This month’s pick for ‘The Tasting Notes Book Club’ was ‘The Book Share’ by Phaedra Patrick. And what a perfect book for these times: something light-hearted and hopeful, to allow you to engage in some fun escapism.
Bookworm Liv has been working as a cleaner for her favourite author, Essie Starling, and is regularly in the background as Essie is working away on her popular novels. One day, Essie dies unexpectedly and leaves Liv with what seems like an impossible task – to finish her final novel. This allows Liv to follow one of her dreams: to write the sort of story she loves to read – but will it also have Liv rewriting her own life story and future? Is there, in fact, more to Liv’s life than she has been experiencing? And is her past not quite as it seemed?
Although this book seemed to have a slightly slow start (though that could have been my levels of concentration, rather than the book…), as the story developed I was so engaged with Liv and her story, I could not wait to see how it would turn out. Phaedra creates wonderful characters in her writing; you really will love the characters she wants you to love, but you will be less keen on those who may be a little less favourable. (Poor Jake – when you know you know.)
This book is certainly one that I enjoyed, and it was lovely to discuss it at book club. I have definitely found another author that I would like to read more from – I think these are going to be some lovely, feel-good books when you need that pure escapism from the stresses of the world around us.
I was a huge fan of a ‘A Kind of Spark’ by Elle McNicoll, so when I knew that ‘Like a Charm’ had been published, I knew that I had to read it. (Especially as, again, the cover was absolutely beautiful and just makes you want to read it).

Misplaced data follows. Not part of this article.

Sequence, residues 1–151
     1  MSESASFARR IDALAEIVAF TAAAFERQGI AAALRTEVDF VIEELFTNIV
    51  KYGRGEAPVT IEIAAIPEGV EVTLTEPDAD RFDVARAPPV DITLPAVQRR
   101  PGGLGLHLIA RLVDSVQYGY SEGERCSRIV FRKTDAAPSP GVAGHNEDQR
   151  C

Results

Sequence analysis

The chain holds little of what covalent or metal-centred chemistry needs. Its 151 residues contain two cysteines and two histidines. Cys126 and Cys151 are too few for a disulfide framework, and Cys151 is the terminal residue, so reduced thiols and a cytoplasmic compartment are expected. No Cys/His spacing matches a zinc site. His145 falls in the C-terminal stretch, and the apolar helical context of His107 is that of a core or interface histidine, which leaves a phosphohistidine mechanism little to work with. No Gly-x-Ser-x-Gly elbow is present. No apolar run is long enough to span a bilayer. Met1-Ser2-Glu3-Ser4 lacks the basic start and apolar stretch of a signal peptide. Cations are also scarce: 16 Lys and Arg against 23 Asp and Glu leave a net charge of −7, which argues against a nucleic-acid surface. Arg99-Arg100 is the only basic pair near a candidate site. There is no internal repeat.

This is another brilliant read, a wonderful journey into fantasy rooted in the city of Edinburgh. Ramya Knox is drawn into this fantastical world as she discovers that her family have a few hidden secrets which connect them to that world. In fact, she soon becomes a symbol of hope for the Hidden Folk as they have to protect themselves from the Sirens, especially as Ramya appears to be resistant to their ‘charm’.
This is another story that celebrates difference, as Ramya discovers that the thing that makes her different is also the thing that makes her as special as she is. That, in fact allows her to help the Hidden Folk and find her special place in the world – and in her family.
I was gripped by this book and I am excited that Ramya’s tale will be continued for us all. It is wonderful that Elle McNicoll writes stories for young people with neurodivergent characters, as representation in literature is becoming ever-more important. We live in a wonderful world of difference, and we all need to be able to celebrate and understand these differences, and great stories are one way to support us all in being able to do that. And, when we see people in books that also help us understand ourselves or our experiences, then they become even more special to us – and that is what Elle McNicoll has done for so many young people with her books.
I was kindly gifted a proof of ‘Miss Aldridge Regrets’ by Louise Hare, and what a beauty it is. A book with a cover this glamorous is surely going to be a great read – and it was!
‘Miss Aldridge Regrets’ is a brilliant piece of historical fiction set on the Queen Mary as it sails to New York in early 1936. Lena Aldridge is one of its passengers, as she has been promised a new life in New York which will make her a star – or so she believes. However, as the ship’s journey progresses, she is drawn into the lives of the rather wealthy Parker family – but not everything is quite as it seems. And, once murder takes place, Lena is thrown into a dangerous game.